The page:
On the more traditional end of the spectrum, the author played and recorded with Basie, Ellington, Benny Goodman, Tommy Dorsey, Wes Montgomery, George Benson, JImmy Smith, Quincy Jones, Billie Holiday and dozens of others. What a resume! The names on these lists, by the way, do not include the hundreds of players and singers he accompanied during his tenure on “The Tonight Show.”

Those in the the business, as well as the hundreds of students he’s taught and mentored, can attest that, along with his friend Louie Bellson, Ed Shaughnessy remains one of the nicest people out there, in any field.

Naturally, he shares plenty of stories about “the cats.” And he could have easily been negative about several of them, but as always, he’s taken the high road. His yarns about Anita O’Day, Buddy Rich, Benny Goodman, Jimi Hendrix, Mingus and Miles are often hilarious. The author could have been a lot more harsh when writing about how he was treated by a nasty Ray Charles. As is his wont, Shaughnessy goes relatively easy on “the genius.”

Especially gratifying is the space he gives to saxophonist/bandleader Charlie Ventura, Shaughnessy’s first “big name” employer. Ventura, almost forgotten now, was one of the biggest stars in jazz from the mid-1940s through the latter 1950s. This is the first book that deservedly addresses Ventura’s talents and contributions.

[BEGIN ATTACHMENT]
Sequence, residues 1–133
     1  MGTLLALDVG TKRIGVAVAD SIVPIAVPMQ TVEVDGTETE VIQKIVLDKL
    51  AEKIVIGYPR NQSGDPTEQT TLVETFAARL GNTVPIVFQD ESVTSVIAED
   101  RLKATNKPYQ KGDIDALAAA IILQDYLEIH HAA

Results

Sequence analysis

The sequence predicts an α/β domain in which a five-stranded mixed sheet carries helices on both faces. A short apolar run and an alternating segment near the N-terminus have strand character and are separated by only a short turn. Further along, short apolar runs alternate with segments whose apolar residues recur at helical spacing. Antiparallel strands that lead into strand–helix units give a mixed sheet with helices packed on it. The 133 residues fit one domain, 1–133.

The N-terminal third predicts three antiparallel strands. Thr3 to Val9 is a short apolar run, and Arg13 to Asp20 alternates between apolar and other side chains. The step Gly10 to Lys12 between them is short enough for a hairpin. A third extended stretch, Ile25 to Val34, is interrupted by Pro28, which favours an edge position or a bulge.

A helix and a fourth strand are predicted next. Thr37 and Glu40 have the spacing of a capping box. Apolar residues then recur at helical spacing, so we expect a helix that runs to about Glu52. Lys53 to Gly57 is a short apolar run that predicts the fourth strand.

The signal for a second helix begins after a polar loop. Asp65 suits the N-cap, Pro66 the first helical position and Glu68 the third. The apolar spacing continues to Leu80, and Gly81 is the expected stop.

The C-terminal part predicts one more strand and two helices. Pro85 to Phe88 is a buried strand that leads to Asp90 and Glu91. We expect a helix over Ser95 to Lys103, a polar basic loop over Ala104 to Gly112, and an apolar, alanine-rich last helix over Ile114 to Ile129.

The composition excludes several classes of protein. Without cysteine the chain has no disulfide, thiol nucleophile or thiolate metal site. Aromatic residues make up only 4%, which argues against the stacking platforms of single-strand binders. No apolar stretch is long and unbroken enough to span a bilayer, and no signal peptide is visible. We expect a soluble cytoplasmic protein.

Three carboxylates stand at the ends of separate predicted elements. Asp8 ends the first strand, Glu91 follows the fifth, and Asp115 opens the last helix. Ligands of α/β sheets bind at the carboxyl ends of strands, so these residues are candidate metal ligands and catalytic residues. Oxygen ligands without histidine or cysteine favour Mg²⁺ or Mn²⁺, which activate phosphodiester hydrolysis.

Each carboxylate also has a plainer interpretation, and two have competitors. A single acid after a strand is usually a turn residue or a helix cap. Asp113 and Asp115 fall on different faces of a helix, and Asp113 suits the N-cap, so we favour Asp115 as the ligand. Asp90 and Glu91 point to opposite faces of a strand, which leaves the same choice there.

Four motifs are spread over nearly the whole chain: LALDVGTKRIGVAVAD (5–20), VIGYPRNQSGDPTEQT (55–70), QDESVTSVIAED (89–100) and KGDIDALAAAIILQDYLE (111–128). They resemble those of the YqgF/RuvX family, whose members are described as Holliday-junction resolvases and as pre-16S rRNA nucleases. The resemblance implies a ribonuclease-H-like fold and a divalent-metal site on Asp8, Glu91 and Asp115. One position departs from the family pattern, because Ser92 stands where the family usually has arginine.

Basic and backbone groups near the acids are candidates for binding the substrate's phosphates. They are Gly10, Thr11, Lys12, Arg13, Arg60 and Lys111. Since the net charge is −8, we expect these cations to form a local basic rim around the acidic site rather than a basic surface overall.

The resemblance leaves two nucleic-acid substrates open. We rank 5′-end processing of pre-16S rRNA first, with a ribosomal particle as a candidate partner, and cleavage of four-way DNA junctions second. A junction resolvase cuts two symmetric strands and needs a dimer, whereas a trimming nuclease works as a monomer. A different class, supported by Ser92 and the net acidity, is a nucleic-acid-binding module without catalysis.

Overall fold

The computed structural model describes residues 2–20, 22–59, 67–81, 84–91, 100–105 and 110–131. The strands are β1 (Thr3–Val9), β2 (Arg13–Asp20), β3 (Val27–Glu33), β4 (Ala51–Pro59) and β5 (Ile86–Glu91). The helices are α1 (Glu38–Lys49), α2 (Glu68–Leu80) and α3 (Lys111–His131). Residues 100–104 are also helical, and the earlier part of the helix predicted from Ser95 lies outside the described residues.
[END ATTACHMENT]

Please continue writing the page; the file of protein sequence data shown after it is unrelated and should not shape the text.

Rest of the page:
As of this writing, Ed Shaughnessy is 83 years old and is still out there playing, and playing very well. And after all these years, as he says, “The door is open, any time you see me and would like to talk. I’ve always been that way, and I will always be that way. I really love to talk with–and help, if I can–any younger musicians who come my way. I never forget that everybody did it for me.”

Due credit must be given Rob Cook of Rebeats for publishing an essential, must-read work.


Thursday, June 28th, 2012

Musicians, fans and others have been voicing their opinions about the recent column that focused on playing for free.

There are those who strongly disagree with the practice and its possible ramifications.

Then there are those who believe that, particularly in the instance I outlined and particularly in the instance of jam sessions, not accepting or asking for compensation for those who run such events is “the best thing that ever happened to jazz.”

Although I’ve been called, on more than one occasion, a “Pompous Pontificator” and more recently, “a windbag,” let the record show that I “ordain” nothing, that I’m open to hearing and seriously considering all points of view, and that I’m more than able and willing to bend and to learn.

The best of our pompous pontificators and windbags are like that.